Sen. Dick Durbin won his first race for Congress by positioning himself as a strong supporter of Israel. In 1982, he took on long-term incumbent Republican Paul Findley and edged him by just over 1,000 votes, chiefly because he was able to match the Congressman’s fundraising due to considerable financial support from pro-Israel donors across the country. Yesterday, however, Durbin gushed over the possible nomination of Chuck Hagel as Defense Secretary. Durbin’s hypocrisy is rich, though, as Hagel, seems to share many of the views of Findley, Durbin’s first opponent.
While popular in his downstate district, Rep. Findley had become a vocal opponent of Israel in the nation’s capital. He went beyond this, though, and had become a strong advocate of the Palestinian cause. Ahead of the 1982 election, the then-head of AIPAC, the nation’s largest lobby in support of Israe,l called Findley “a dangerous enemy of Israel.” Durbin leveraged Findley’s opposition to Israel to raise money from pro-Israel donors across the country. He tapped into pro-Israel activists in Illinois to help his campaign. The issues of Israel and Palestine didn’t really come up during the campaign in the rural district, but it provided Durbin with the financial resources to defeat Findley.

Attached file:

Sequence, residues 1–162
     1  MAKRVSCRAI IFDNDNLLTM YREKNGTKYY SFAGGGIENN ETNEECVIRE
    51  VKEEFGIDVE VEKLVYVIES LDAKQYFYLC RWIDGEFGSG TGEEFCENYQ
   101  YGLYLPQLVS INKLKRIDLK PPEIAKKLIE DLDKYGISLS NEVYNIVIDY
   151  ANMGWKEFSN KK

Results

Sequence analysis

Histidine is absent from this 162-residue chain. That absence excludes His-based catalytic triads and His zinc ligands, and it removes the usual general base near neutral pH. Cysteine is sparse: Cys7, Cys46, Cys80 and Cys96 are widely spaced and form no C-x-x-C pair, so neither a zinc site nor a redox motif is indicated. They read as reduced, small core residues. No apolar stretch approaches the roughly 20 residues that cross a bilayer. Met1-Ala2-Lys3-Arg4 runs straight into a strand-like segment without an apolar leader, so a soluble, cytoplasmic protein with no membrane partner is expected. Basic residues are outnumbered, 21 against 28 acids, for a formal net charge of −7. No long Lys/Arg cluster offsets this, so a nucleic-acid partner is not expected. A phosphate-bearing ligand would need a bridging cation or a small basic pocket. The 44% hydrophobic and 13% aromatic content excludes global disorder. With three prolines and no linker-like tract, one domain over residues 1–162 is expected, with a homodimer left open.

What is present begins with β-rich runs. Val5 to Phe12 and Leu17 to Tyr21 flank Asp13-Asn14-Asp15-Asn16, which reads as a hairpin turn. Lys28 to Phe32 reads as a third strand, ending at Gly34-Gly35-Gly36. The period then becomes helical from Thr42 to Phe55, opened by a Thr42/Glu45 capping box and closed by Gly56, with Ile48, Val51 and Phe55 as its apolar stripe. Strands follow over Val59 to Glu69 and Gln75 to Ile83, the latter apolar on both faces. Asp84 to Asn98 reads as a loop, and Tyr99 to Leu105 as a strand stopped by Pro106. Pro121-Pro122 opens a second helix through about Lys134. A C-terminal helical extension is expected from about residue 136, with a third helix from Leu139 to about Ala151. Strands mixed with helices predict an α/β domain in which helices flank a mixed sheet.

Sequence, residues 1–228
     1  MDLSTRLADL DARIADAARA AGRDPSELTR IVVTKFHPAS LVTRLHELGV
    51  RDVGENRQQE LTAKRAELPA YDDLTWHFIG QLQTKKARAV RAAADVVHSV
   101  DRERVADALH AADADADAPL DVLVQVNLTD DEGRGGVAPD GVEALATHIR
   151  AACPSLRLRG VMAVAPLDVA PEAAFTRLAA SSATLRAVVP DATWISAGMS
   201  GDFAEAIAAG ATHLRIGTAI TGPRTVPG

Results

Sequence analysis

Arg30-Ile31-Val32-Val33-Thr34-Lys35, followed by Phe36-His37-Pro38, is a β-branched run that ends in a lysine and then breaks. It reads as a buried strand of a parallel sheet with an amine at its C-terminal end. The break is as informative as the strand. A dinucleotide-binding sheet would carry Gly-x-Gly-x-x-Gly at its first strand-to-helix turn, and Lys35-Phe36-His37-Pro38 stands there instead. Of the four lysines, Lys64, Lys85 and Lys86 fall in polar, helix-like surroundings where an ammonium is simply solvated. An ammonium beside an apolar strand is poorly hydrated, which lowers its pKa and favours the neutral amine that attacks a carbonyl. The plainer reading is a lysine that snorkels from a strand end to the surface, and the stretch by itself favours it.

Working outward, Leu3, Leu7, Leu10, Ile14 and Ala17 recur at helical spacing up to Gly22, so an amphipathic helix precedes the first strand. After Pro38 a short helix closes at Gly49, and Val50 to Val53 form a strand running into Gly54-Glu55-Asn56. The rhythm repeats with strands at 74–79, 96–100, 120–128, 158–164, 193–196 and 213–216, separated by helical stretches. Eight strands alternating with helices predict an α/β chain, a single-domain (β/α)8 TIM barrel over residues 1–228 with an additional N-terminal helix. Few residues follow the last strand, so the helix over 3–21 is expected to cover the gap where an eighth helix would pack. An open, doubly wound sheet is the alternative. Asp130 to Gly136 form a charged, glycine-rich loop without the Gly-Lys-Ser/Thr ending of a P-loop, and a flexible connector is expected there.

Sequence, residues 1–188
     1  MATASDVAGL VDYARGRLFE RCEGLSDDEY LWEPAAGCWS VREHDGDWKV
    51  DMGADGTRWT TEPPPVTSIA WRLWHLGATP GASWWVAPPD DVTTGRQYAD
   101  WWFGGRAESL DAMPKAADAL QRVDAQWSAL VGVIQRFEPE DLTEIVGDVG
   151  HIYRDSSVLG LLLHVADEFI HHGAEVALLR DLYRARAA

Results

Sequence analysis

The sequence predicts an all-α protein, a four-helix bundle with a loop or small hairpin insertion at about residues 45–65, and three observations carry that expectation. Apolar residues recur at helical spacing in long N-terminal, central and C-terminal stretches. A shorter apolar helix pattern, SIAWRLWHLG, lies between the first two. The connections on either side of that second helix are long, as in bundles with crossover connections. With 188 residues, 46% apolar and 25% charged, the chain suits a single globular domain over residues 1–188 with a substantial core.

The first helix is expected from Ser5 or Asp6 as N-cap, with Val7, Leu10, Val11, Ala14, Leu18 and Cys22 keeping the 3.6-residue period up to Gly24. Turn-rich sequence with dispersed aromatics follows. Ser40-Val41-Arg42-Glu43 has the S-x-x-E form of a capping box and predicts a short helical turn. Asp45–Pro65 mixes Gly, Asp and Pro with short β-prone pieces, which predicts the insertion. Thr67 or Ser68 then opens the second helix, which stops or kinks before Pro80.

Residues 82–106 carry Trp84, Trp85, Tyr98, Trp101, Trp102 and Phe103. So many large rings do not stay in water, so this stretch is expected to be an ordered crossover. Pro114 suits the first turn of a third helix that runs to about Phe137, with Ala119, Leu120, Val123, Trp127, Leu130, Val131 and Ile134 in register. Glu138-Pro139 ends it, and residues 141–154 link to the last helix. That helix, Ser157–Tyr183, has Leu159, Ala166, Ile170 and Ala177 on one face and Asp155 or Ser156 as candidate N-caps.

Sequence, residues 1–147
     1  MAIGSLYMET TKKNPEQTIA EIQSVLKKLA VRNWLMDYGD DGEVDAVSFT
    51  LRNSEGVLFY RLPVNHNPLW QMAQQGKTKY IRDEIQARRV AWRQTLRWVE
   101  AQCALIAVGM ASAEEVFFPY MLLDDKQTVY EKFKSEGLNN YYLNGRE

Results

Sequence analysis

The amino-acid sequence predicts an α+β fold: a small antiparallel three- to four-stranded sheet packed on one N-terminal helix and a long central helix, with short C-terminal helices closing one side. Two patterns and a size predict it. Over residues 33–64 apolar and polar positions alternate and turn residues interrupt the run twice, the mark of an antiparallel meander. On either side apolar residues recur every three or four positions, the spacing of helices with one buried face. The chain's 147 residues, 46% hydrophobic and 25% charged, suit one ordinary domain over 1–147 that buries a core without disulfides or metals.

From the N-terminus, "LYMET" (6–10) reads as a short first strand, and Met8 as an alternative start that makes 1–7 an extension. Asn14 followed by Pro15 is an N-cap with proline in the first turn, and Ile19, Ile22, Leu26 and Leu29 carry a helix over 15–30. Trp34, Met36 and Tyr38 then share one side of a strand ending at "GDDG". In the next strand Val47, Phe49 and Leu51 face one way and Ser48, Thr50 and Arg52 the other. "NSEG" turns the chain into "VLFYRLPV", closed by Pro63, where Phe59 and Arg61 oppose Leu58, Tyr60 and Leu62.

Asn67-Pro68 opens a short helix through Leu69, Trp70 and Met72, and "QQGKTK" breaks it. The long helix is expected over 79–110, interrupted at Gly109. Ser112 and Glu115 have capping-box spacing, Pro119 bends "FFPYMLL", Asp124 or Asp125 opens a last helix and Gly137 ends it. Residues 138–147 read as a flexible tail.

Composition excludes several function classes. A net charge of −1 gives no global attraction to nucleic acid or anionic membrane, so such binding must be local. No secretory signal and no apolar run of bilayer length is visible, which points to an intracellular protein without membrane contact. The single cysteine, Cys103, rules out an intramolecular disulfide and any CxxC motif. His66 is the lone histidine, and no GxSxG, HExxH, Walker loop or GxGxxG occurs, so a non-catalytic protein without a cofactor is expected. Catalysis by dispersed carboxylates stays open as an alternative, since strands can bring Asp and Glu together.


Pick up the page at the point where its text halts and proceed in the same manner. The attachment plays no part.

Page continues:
In the years since he left Congress, Findley’s opposition to Israel has drifted into the far-fringes of the Middle East debate. He founded the Council for the National Interest, which promotes the Palestinian cause in the US. Findley even blamed the 9-11 terrorist attacks on U.S. policy in the Middle East:
America suffered 9/11 and its aftermath and may soon be at war with Iraq, mainly because U.S. policy in the Middle East is made in Israel, not in Washington.
Setting aside the 9/11 rhetoric, Hagel seems to share Findley’s sympathy with the Palestinian cause. In the video below, Hagel tries to explain away some terrorist attacks because the Palestinians have been “chained down for many, many years.”
Findley himself even praised Hagel as a “hero”, along with Rep. Cynthia McKinney, for calling for an immediate withdrawal from Iraq, before the US surge put down an insurgency and stabilized the country.
Durbin owes his political start to voicing strong support for Israel. His breathless support for Hagel now suggests that either Durbin’s views have changed or his early support was political posturing. They are rumors that Durbin will retire at the end of his term next year. If so, he will have entered Congress supporting Israel and will leave putting a vocal opponent in charge of our National Security. It’s a dubious legacy.